“The reforms we are implementing in the Kurdish region are not a direct copy of those in Baghdad,” Dizayee explained. “That is despite the fact that we value and appreciate al-Abadi's reforms.”

The Iraqi Kurdish reforms are being carried out on an office-by-office and ministry-by-ministry basis and they are more general, he says. “And reforms are more than just removing a few people from their jobs,” Dizayee adds, in what seems to be a veiled reference to the fact that, while the government in Baghdad has managed to remove some key politicians from their positions, other reforms have stalled.

“We do have a programme of reforms,” says Zozan Barwari, a senior member of the KDP. “But we are dealing with a terrible financial situation and we are fighting a war against the Islamic State group. We can only start reforming when the conditions are right for reform.”

The demand for reforms is yet another contentious topic for the broad-based governing coalition, which shares power among nearly all of Iraqi Kurdistan's political parties.

For example, during a speech at the September opening of an Erbil church, the Iraqi Kurdish Prime Minister Nechirvan Barzani announced that: “We have been working on reforms ever since the government was formed. But we don't have a comprehensive project to announce”.

“The government is incapable of managing service-related projects [like power and water] and it hasn't been able to pay its employees,” the Speaker of the Iraqi Kurdish Parliament, Yusuf Mohammed, a member of former opposition part, the Change movement, followed up on Barzani's speech. “The government should take responsibility for this. If it cannot solve problems it should let the voters know. Nobody should shirk their responsibilities.”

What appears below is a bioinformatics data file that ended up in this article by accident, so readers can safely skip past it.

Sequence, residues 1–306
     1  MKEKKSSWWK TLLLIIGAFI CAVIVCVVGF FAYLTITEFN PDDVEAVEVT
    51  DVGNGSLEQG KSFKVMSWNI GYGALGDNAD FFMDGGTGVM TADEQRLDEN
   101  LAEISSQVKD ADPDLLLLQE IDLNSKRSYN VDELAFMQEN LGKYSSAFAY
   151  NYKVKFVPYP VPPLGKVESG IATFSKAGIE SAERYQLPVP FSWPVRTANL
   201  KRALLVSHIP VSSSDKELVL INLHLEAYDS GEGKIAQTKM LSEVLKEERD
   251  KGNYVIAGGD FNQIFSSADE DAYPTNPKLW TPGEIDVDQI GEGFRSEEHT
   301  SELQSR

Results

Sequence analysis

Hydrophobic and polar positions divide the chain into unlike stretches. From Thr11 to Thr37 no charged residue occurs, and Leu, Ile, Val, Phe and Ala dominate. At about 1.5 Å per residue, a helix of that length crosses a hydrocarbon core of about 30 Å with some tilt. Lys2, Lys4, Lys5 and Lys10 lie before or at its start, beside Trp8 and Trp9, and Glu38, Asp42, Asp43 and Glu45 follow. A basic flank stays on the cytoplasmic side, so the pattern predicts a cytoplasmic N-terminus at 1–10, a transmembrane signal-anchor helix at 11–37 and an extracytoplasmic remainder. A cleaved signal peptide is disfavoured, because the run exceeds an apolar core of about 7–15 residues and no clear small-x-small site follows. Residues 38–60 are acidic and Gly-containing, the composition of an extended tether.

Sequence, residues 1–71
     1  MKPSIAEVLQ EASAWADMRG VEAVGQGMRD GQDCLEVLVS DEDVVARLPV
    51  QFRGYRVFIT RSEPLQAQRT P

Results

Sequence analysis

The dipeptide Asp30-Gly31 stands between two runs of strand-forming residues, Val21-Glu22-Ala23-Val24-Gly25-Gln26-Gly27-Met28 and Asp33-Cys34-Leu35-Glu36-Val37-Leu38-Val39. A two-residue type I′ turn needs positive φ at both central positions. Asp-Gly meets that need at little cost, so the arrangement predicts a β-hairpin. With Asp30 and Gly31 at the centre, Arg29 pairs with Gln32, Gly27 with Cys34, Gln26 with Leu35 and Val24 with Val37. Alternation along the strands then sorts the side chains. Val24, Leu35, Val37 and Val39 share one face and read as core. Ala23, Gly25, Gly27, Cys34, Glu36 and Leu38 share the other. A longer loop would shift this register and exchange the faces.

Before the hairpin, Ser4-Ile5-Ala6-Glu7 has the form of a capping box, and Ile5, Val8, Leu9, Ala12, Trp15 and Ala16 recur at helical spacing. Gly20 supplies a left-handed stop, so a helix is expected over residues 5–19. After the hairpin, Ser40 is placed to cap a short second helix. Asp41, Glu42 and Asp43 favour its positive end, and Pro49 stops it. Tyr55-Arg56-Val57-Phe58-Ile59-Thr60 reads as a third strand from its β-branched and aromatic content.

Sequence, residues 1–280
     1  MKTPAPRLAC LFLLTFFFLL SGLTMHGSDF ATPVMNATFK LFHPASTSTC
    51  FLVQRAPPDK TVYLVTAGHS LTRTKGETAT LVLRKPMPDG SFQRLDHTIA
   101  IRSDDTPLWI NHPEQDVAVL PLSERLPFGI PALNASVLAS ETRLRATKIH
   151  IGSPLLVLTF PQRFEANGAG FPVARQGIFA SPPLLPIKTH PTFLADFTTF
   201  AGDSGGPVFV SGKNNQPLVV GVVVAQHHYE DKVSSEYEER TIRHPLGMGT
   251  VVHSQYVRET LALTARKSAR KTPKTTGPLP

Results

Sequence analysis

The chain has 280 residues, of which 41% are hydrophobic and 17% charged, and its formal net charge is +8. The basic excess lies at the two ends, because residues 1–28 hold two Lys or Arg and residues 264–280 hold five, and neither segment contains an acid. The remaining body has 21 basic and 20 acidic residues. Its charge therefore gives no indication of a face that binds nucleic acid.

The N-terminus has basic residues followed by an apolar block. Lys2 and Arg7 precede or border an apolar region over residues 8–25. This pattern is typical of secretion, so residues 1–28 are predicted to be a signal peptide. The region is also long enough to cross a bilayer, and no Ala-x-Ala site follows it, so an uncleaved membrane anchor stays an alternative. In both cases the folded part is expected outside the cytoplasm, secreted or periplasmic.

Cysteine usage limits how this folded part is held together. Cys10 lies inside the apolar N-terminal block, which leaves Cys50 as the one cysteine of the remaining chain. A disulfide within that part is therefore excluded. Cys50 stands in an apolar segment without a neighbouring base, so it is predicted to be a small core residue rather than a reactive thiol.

Given the tensions currently playing out in Iraqi Kurdistan – there have been demonstrations by unpaid workers and the government, made up of uneasy alliances, looks to be struggling to maintain unity – it seems reforms may be forced upon the region.

There will be talks held about reducing the salaries of highly paid and high ranking officials. Fakhraddin Qadir, the secretary of the Iraqi Kurdish Parliament and a member of one of the Islamic parties, told NIQASH he was pleased that these talks were even being held – however he also felt there was little will to carry out genuine reform.

“Saying that there can be no reforms because of the fighting against the islamic State is a weak argument,” Qadir says. “There were reforms suggested in a package presented by the three former opposition parties. But none of it was acted upon.”

The Iraqi Kurdish government doesn't have quite the same impetus for implementing reforms either. Massive popular demonstrations in Baghdad and further south forced the Iraqi government to pay attention and make promises about reform. However, although there are some demonstrations by unpaid employees now, this hasn't happened to the same degree in the northern region.

“Despite the various crises here, the street is weak,” says Shawis. “There haven't been any demonstrations here and that has an impact. Additionally there isn't a real opposition in Iraqi Kurdistan right now and there are no political groups capable of triggering such large protests.”

In 2011, there was a wave of major demonstrations in Iraqi Kurdistan and after violent crackdowns, the local authorities did promise reforms. But none of them appear to have been enacted.

“Reforms planned by al-Abadi are acceptable to the people of Iraqi Kurdistan yet they have not reached the region,” says Shvan Zangana, who heads an activist organisation in the region. “Reforms should be planned because for years officials in Iraqi Kurdistan have been talking about the region as a model for all of Iraq.”

You are welcome to republish our articles. It would be great if you could send us an email. Please mention niqash.org. Thank you!